When a DXF is oriented in a “side-view” projection in AutoCAD instead of a “top-view”, or it was created by an application that orients cross-sections vertically, previous versions of GeoStudio would ignore the Z values, and the imported cross-section would appear as a single line of points. This line was essentially the top edge of the cross section.
You could fix that in the past by opening the file in AutoCAD, rotating it, then re-importing. But that’s not always an easy thing to do. Now GeoStudio will align itself so it’s looking at the cross-section “face on” regardless of its 3D azimuth. Here’s the same DXF imported in the December 2014 Release (with material colours added for clarity):
When importing a DXF as regions, in the past, GeoStudio would only import closed polylines. I know that was a frustration to many people because it’s not always obvious in AutoCAD which polylines are marked as closed, and some applications don’t even have a way of controlling that property. Now GeoStudio will include polylines where the first and last points are identical. It also supports HATCH elements.
When you choose a DXF to import (either as regions or as a Sketch Picture), you’re faced with a somewhat daunting dialog box giving you options for adjusting the origin and scale to better fit the extents of the DXF. It isn’t always clear what the effects of your choices will be.
We’ve added an Apply button so you can now experiment. Check both boxes, hit Apply, and look at what it does to your page. If you don’t like the result, edit one of the numbers and hit Apply again. When you’re happy with it, you can close the dialog.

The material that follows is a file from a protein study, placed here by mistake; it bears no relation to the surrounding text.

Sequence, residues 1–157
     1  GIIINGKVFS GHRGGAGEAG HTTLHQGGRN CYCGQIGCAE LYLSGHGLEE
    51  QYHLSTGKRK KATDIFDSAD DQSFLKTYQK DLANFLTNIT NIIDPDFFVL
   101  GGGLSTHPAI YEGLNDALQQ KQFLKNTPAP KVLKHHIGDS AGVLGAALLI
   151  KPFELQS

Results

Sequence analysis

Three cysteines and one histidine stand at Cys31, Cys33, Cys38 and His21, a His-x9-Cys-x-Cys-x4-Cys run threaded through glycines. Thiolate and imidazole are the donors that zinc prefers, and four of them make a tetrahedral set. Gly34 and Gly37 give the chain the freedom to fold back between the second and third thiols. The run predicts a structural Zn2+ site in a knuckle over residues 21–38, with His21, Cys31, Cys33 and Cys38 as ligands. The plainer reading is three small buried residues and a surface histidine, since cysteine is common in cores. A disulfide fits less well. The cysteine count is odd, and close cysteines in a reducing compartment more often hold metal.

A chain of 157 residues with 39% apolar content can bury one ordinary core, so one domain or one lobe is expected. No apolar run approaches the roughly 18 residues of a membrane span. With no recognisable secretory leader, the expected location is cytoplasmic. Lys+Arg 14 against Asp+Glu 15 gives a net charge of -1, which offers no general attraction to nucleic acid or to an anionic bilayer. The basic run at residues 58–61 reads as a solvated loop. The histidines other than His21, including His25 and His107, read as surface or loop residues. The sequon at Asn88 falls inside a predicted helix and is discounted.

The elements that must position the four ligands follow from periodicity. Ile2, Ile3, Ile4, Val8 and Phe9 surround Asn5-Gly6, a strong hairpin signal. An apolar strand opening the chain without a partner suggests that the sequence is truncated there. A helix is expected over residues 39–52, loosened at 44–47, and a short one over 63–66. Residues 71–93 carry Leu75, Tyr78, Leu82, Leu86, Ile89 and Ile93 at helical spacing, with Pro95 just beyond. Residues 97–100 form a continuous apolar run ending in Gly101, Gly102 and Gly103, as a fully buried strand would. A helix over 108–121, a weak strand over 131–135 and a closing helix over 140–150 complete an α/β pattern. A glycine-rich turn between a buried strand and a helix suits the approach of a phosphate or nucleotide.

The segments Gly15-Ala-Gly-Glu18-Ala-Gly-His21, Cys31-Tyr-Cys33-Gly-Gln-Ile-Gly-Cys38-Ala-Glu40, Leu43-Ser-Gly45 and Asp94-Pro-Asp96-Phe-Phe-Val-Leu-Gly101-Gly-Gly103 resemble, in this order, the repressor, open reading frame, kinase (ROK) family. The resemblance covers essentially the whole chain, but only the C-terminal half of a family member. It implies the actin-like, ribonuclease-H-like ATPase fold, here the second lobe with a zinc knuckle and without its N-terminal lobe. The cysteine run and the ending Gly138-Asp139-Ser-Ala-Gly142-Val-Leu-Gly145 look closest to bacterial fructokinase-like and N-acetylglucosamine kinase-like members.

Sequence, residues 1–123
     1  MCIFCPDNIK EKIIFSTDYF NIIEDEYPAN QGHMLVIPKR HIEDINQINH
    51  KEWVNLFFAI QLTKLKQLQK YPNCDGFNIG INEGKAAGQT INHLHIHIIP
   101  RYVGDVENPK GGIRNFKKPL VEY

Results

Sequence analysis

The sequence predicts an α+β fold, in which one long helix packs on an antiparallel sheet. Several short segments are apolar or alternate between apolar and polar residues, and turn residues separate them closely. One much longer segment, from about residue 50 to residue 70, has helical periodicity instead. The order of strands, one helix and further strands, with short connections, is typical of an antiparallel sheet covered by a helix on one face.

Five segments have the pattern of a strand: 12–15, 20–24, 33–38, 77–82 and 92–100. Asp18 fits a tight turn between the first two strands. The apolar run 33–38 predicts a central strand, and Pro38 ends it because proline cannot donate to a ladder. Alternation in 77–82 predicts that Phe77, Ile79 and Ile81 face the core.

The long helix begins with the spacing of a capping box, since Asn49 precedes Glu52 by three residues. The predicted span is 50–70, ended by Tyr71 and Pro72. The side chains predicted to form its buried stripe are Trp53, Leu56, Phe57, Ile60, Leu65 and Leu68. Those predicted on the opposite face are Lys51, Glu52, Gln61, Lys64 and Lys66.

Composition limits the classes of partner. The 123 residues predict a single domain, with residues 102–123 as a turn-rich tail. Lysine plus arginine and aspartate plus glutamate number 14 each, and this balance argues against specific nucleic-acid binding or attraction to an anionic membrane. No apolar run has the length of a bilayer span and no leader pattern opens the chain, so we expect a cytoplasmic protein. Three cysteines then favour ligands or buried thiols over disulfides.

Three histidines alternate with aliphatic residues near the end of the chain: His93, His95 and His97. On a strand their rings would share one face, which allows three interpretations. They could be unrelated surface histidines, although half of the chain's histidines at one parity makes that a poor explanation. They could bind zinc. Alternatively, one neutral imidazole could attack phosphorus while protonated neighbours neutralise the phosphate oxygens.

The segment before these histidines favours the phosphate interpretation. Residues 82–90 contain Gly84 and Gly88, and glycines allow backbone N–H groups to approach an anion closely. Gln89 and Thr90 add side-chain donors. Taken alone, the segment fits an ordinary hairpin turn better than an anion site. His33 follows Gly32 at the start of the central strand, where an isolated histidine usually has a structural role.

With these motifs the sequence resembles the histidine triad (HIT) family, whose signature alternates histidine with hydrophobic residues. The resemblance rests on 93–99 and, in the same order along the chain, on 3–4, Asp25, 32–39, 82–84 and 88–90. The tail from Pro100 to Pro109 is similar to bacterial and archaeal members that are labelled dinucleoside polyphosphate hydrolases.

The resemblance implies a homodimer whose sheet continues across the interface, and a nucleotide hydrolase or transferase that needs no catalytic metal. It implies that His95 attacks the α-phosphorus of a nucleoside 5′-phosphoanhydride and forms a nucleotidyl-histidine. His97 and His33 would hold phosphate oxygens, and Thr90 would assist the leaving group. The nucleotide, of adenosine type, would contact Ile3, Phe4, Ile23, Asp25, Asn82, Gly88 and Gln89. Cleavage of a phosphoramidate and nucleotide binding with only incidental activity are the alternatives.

A lot of effort was put into making GeoStudio “snappier”, especially when working with larger files (with a large number of analyses, lots of small regions, large meshes, etc.). You should notice it taking less time to open files, for example. When you click the Solve button, it should start solving much more quickly. Switching from one analysis to another should be faster.
The screen should update more quickly as well. That will be especially noticeable when you’re scrolling, zooming, or working over a remote desktop session.
Français and español join 中文(简体)
We’ve expanded the number of languages supported by GeoStudio. GeoStudio 2007 introduced a Chinese version (thanks to our friends in China, CnTech). And a couple of years ago we added Spanish to (parts of) GeoStudio 2012.
We have now completed the Spanish translation to include nearly everything in the software–only online help and the engineering manuals remain in English–and we automatically run in Spanish if your operating system’s language is Spanish.
We also added a brand new French translation, which will be used automatically if your OS is French.
We would love to hear some feedback about these translations. Are they helpful? Are they useless without also translating the online help, the engineering methodology books, our web site, or providing support in those languages as well? Should we target additional languages?
I’m looking forward to seeing how much these languages get adopted.